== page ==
In a pedagogical quest for active learning, we’ve somehow cast lectures in the role of arch-villain.
I’ve had conversations with faculty about their teaching which have started out with: “I know lectures are bad, but…”
This is definitely the case of a pendulum swinging too far. While research definitely supports active learning as the optimal way for students to retain learning – applying new knowledge either to simulated or real scenarios – the initial learning has to come from somewhere, and lectures are one of these sources.
Because of our focus on improving small group learning/TBL sessions in our curriculum, I can seem to be anti-lecture. The truth is, I’m actually a closet lecture aficionado. I own DVDs and CDs from The Teaching Company’s “Great Courses” series and love CBC’s Ideas. And the proliferation of podcasts has fed my love of lectures even more, as podcasts are nothing if not fabulous lectures. And TED Talks, who hasn’t lost a few minutes to those? Really, the world loves a good lecture.
Lectures absolutely have a place in universities in general and in medical education specifically. While we can’t – and don’t want to – return to a curriculum with 100% (or near to it) lectures, we can keep great lectures in our menu of methodologies to provide students with optimal learning experiences.
If you’re planning a lecture, or looking to improve an existing one, here are some things to consider:
Why do you want to do a lecture?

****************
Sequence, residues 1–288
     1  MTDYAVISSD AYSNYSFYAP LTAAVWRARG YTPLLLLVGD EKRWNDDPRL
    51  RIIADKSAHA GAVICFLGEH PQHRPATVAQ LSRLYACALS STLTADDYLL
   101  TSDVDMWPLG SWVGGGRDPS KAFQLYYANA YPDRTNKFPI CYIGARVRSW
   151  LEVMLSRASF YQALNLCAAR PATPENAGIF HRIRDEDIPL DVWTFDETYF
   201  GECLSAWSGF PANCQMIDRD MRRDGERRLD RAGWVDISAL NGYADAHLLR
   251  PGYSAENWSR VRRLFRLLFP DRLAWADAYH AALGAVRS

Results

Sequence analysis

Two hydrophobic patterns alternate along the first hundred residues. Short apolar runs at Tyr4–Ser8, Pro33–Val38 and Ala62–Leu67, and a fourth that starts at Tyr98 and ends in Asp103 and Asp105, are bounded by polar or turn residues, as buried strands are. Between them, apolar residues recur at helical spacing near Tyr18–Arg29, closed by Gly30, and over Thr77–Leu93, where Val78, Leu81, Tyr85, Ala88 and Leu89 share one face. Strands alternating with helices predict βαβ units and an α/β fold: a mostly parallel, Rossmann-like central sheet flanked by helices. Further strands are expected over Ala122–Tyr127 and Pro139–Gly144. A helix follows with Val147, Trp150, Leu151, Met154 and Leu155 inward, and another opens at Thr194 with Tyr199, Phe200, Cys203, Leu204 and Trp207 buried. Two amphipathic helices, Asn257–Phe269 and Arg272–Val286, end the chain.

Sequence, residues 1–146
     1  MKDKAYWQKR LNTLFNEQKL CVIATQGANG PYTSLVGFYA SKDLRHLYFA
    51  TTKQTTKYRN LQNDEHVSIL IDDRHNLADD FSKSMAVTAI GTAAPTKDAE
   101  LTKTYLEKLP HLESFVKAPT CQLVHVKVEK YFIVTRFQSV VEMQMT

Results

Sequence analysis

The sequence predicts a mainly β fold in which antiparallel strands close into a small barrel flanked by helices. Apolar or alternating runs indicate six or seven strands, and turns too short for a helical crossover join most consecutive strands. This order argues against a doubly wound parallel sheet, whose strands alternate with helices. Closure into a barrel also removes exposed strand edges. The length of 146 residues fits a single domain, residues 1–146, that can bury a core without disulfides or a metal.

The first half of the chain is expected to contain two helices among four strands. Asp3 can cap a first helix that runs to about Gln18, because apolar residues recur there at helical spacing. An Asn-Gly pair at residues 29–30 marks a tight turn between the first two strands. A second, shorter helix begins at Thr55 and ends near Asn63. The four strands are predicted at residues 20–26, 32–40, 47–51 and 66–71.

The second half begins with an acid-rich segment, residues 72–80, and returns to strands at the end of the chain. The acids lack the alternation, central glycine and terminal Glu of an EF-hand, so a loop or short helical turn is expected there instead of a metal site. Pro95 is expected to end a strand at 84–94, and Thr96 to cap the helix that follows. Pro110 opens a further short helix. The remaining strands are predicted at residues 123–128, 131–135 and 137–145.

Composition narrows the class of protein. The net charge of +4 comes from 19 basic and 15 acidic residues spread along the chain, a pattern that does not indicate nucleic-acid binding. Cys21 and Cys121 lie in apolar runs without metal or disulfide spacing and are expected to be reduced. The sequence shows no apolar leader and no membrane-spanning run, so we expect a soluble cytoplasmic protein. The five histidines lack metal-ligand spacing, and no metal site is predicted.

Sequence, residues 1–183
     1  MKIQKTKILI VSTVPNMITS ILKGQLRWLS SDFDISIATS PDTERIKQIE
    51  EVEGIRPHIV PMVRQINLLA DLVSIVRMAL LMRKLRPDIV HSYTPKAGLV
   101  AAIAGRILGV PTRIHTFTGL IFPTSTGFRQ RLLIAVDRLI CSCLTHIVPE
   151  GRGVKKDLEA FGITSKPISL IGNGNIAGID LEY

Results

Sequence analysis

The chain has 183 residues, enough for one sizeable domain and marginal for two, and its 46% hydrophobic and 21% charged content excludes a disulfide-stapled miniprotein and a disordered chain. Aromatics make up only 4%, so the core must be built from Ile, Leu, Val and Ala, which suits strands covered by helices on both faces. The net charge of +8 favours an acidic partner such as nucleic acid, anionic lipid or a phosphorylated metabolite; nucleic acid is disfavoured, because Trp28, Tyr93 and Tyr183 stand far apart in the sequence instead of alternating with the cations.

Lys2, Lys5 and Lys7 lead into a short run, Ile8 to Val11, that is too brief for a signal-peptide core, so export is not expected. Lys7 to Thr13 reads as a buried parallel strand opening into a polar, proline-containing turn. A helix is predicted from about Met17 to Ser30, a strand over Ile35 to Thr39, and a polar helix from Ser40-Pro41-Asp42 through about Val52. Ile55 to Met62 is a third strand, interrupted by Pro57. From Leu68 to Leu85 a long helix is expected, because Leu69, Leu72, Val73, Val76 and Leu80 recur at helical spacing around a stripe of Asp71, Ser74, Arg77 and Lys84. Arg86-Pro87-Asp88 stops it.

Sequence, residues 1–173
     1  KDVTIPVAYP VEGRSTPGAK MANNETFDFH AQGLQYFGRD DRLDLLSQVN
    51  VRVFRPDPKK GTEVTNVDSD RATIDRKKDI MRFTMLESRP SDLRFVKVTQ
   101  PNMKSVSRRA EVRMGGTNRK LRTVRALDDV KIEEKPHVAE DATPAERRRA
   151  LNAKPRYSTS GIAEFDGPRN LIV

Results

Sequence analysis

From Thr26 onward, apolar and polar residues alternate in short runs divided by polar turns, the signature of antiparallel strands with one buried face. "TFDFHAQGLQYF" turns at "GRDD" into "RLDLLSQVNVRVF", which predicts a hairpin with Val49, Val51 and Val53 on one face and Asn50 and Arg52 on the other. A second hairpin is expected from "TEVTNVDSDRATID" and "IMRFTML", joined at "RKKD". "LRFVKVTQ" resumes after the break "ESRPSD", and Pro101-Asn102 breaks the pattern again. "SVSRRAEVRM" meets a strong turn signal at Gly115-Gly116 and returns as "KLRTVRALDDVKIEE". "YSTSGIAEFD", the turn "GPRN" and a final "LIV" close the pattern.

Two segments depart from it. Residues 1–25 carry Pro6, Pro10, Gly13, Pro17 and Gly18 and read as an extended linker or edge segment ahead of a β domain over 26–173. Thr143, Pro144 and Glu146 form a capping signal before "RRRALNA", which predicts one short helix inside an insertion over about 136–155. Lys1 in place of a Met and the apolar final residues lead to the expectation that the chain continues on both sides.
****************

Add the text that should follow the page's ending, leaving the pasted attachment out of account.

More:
It’s ok if it’s just your first instinct, but think beyond that. Is this the best way to convey your content? How will providing this content in a lecture format enhance students’ learning?
Are you comfortable with the mechanics?
Lecturing is a skill which improves with practice. There are certainly standard “do’s” and don’ts”. For example, Don’t read your own slides; don’t keep your nose down in notes. And the classic: Don’t be boring. If you aren’t comfortable, do you have a plan to improve?
How can you keep things fresh and interesting for an hour or more?
Research on attention habits tell us that after 20 minutes of sustained listening, it’s hard to stay focused. With this in mind, how can you pace you lecture to break things up? Consider things like polls (with our PollEverywhere account), short think-pair-share activities, or other creative ideas. At least one instructor I know shows short topic-related videos and has the class stand up to watch them to get everyone out of their standard sitting positions.
What’s your follow-up plan?
If you think of lectures as content delivery, what’s your plan for students to be able to apply this new knowledge? Does your lecture lead into an application session in your own course or in another one? If you’re not the instructor for the follow-up session, be sure to coordinate with the person who is.
As with all your teaching endeavours, you’re not on your own. Get in touch – I’m here to help!